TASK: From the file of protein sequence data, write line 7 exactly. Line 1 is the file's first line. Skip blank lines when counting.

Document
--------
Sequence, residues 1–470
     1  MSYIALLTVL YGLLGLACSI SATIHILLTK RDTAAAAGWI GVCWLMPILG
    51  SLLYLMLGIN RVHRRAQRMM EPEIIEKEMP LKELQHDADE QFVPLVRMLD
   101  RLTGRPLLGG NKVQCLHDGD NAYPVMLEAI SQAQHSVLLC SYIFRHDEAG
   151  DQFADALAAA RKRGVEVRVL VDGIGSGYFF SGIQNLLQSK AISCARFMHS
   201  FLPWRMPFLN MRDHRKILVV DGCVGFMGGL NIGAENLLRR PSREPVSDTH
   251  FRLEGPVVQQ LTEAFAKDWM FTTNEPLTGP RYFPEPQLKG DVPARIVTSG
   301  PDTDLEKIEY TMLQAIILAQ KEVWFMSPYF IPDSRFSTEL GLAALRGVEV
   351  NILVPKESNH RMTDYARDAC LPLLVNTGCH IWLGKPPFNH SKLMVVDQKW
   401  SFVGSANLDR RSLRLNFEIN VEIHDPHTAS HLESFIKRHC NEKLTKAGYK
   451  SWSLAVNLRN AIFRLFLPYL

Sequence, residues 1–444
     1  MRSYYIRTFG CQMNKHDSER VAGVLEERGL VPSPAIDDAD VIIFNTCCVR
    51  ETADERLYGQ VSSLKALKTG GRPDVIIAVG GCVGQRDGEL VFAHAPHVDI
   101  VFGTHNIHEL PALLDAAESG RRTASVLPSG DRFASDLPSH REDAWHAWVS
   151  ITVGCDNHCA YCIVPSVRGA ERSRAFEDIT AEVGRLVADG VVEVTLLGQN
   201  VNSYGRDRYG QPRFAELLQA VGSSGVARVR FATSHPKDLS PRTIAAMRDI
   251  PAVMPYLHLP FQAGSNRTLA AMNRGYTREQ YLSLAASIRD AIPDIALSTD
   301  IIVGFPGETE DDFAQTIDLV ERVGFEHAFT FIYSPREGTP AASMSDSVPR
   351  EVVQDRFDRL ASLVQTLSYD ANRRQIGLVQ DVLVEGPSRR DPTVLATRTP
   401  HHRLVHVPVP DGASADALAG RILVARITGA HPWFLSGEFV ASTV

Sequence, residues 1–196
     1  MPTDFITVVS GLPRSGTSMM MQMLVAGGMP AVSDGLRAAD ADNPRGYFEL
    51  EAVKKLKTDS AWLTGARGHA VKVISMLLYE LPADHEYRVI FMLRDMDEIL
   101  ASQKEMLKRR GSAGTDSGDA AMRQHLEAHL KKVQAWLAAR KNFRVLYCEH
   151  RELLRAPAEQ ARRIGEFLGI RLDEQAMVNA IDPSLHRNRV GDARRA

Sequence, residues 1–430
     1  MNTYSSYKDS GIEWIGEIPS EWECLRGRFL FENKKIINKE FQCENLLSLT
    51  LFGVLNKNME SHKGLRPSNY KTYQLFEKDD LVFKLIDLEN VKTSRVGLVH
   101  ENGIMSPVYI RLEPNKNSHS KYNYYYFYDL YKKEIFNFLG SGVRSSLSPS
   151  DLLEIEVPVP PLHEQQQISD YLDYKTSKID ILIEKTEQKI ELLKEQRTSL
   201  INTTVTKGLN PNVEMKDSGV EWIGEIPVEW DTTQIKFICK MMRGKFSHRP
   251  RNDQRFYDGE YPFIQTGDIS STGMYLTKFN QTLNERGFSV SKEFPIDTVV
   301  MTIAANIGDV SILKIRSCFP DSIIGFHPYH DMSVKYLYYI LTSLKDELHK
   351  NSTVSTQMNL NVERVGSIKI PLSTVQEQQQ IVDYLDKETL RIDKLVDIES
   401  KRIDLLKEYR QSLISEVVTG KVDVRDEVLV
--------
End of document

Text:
   251  FRLEGPVVQQ LTEAFAKDWM FTTNEPLTGP RYFPEPQLKG DVPARIVTSG